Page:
3rd Mar 2024


Trying to think straight about coronavirus

"The corona crisis will be the end of globalisation."

"The euro and Schengen are doomed."

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  • It essentially takes 'Lebenslust' [zest for life] to win this battle: students who cook and go shopping for the elderly; teachers taking exams on Zoom; German hospitals flying in Italian patients for treatment

"Governments use virus control as a pretext to take our civil liberties away."

Locked up in our homes we see prophecies like these rolling over our screens on a permanent basis. Italian philosopher Maurizio Ferraris, quarantined in Milan, sees them too.

Ferraris, 64, is a professor at the University of Turin. His age group is at risk. At the instruction of the Italian government he has stayed home for the last three weeks, surrounded by CDs and books.

But even in confinement it is difficult to find rest, he wrote in the Neue Zürcher Zeitung recently.

Being home feels more like being at the frontline - an anti-virus front, with books and CDs as a decor. Just as Ferraris' grandfather considered it normal to be sent to the frontlines during the First World War, our 'new normal' is to visit websites where prophets of doom predict where our world is going: straight to hell.

Clear-headed thinking becomes nearly impossible under this relentless barrage of bad news and apocalyptic analysis, Ferraris writes - a state of mind he describes as "cogito interruptus".

To escape this, he decided to write a couple of notes every day. They are simple observations, fragments of thoughts, nothing more.

In 2012, Ferraris wrote the manifesto for New Realism, a philosophical school that takes reality (and not theories) as the starting point for thinking.

At Turin university he leads the Centre for Ontology - the study of 'being'. He has published books with intriguing titles such as Documentality: Why it is Necessary to Leave Traces and Where are You? An Ontology of the Cellphone.

Those notes, some of which the Swiss newspaper published, are gems. In one of them he observes that the corona crisis isn't about money, like the eurocrisis of 2010-2012, but much more about life itself.

Now life must win the battle with the virus.

How do we achieve that? By coming up with kindness and goodwill, he writes, and by producing innovative ideas. It essentially takes 'Lebenslust' [zest for life] to win this battle: students who cook and go shopping for the elderly; teachers taking exams on Zoom; German hospitals flying in Italian patients for treatment.

All these initiatives are new, exciting, and full of lust for life. And all this is forward-looking.

Ten years ago, during the financial crisis and euro crisis, bitterness dominated almost every conversation. Everyone was battered.

This time it's different. Of course, there is deep suffering. Many of us fall ill and see relatives and friends succumb.

We all realise the economic and political fallout may be colossal. But unlike last time there are genuine eruptions of ingenuity and pure empathy. Despite the severity of the situation the world seems full of good intentions, too. People try to cope and reach out to each other in novel ways which, in a way, may point us in new directions for the future.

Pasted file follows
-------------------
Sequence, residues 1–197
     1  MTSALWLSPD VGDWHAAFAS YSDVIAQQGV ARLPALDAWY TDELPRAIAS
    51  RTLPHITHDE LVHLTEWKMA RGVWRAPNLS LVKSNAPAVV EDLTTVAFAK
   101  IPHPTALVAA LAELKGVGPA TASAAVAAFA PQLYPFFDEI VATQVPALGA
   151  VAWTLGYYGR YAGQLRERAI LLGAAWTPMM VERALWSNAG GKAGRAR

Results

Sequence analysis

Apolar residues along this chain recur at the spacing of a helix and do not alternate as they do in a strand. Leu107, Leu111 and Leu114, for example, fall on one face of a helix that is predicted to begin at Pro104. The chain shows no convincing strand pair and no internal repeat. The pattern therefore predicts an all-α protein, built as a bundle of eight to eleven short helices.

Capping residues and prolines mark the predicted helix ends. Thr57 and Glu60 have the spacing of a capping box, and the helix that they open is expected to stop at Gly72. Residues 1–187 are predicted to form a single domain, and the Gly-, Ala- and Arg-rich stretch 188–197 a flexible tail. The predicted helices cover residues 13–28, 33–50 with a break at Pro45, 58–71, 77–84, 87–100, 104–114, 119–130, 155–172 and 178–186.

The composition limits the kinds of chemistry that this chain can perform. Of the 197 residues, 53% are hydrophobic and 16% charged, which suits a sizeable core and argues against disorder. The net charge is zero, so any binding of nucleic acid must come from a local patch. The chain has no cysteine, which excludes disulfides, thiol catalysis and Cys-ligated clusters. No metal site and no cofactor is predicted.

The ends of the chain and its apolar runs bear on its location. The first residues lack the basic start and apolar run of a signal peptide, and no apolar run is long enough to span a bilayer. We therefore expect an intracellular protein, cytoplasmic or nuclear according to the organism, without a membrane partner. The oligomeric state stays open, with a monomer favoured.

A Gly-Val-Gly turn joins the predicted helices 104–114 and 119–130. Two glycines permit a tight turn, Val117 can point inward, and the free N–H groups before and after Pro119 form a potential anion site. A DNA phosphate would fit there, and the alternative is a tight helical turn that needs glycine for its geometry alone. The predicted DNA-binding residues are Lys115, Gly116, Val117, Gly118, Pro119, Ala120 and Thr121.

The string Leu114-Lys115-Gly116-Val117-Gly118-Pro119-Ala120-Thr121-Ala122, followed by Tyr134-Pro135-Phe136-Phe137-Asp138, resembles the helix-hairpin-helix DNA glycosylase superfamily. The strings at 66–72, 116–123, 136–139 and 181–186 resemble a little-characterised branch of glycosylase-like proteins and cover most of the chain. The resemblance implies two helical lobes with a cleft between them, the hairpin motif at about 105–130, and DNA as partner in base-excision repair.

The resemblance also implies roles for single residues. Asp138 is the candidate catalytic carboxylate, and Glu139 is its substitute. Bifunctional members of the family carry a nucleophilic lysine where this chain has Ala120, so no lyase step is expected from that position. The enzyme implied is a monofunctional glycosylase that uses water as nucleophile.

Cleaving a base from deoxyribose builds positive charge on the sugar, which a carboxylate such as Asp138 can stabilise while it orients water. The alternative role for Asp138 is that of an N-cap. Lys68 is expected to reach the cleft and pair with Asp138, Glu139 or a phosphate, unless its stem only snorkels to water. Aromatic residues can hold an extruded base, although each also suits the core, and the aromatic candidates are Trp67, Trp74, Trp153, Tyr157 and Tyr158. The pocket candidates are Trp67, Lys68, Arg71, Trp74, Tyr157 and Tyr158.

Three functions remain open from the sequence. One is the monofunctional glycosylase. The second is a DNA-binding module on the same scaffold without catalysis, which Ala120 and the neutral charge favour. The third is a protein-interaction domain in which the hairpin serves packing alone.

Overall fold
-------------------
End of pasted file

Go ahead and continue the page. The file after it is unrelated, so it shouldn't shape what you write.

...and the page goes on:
People need people

From this small, practical level we automatically move to deeper questions such as: how do we want to live? And how do we better organise the world around us? This is, as Ferraris observes with satisfaction, exactly what we must think about and discuss.

The virus also reminds the philosopher "that the earth is round. That people are destined to interact with each other, and need each other. Viruses can produce good ideas. That seems rather a positive infection to me."

Many Europeans worry if their healthcare systems can handle this crisis.

This is, of course, a frightening question. Those who criticise health policies over the last decade or so must be listened to. But we must also realise that 50 years ago we couldn't even have asked whether our health systems would cope, because these systems were much less developed then.

In other words, the corona virus reminds us of progress, too. Fifty years ago, Ferraris writes, we could hardly have fought back. "We would have undergone a pandemic as some ill-fated curse. Like the Spanish flu 100 years ago the virus would have caused a huge massacre."

Everyone has the right to believe in de-globalisation, the implosion of the eurozone or Schengen passport-free zone, and the evil state behaving like Big Brother taking our rights and our privacy away.

This pandemic reminds us that, indeed, we have a lot to lose. But we must also remember that it is possible to survive the trenches.

That despite current (over-)heated debates between national politicians, compromises and solutions can be found to stabilise the eurozone and Schengen. Or that we'll finally manage to moderate globalisation somewhat.

We can survive slaughter and return from the battlefield, as Ferraris' grandfather did more than 100 years ago. He died many years later, peacefully, in his own bed.

Author bio

Caroline de Gruyter is a Europe correspondent and columnist for the Dutch newspaper NRC Handelsblad. This article has been adapted from one of her columns in NRC.


The views expressed in this opinion piece are the author's, not those of EUobserver.


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